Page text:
«L’appello – nota Medina – è stato notificato senza presentare nuovi argomenti rispetto al Tar». No comment sulla vicenda arriva dalla Capitaneria di porto di Genova. La richiesta all’Avvocatura di Stato di presentare ricorso è per altro partita dal ministero delle Infrastrutture, direttamente da Roma. Secondo fonti vicine al dossier, a Roma la sentenza del Tar è ritenuta «non accettabile». Il Mit teme infatti che la bocciatura del decreto ministeriale possa riportare l’Italia in una condizione di inadempienza rispetto alle norme internazionali.

In passato l’Emsa, l’Agenzia europea per la sicurezza marittima, aveva mosso rilievi all’Italia per la mancanza di una normativa nazionale che accogliesse le ultime convenzioni internazionali in tema di titoli professionali marittimi. Secondo il Mit, l’Emsa avrebbe accettato il d.m. del 2016 come soluzione dei rilievi che erano stati mossi. La sentenza del Tar che boccia l’articolo 7 di quel decreto, che riguarda i requisiti richiesti dall’Italia per ottenere il rinnovo del certificato, potrebbe quindi spingere l’Agenzia europea a riaprire il caso.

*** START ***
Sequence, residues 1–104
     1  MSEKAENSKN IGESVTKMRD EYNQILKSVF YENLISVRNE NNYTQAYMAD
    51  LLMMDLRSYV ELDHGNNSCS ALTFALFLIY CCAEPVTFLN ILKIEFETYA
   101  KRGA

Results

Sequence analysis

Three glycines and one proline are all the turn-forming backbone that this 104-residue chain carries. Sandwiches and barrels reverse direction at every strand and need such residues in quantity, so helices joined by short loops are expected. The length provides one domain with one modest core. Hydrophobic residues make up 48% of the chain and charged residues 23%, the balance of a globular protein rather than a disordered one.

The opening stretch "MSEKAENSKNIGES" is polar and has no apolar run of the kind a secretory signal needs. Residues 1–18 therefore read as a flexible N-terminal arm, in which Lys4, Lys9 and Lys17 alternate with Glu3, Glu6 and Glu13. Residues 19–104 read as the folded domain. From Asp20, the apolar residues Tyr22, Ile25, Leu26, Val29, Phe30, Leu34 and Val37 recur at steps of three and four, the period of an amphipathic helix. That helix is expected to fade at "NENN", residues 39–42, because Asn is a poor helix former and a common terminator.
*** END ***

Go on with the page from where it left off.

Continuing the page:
La sentenza del Tar interviene su un punto specifico del decreto, su cui si basa il rigetto della Capitaneria: se cioè il requisito di 30 mesi di attività alternativa alla navigazione mercantile da svolgere nel corso di 5 anni debba essere inteso o meno in senso continuativo. Ma il punto dolente che lamentano i marittimi è che in Italia, a differenza di altri paesi, se i requisiti non vengono rispettati occorre ripetere l’esame, con annessi corsi obbligatori del costo di alcune migliaia di euro. E’ quanto viene ripetuto ancora («senza mostrare consapevolezza di quanto incida questo sui marittimi», nota Medina) nell’appello al Consiglio di Stato: «Il decreto ministeriale… consente il rinnovo del certificato anche nel caso in cui il lavoratore non abbia effettuato alcun periodo di imbarco, superando l’apposito esame per la dimostrazione del mantenimento delle competenze». All’estero, in caso di mancanza dei requisiti, è sufficiente seguire corsi di riallineamento che non obbligano il marittimo a ricominciare da zero la propria formazione.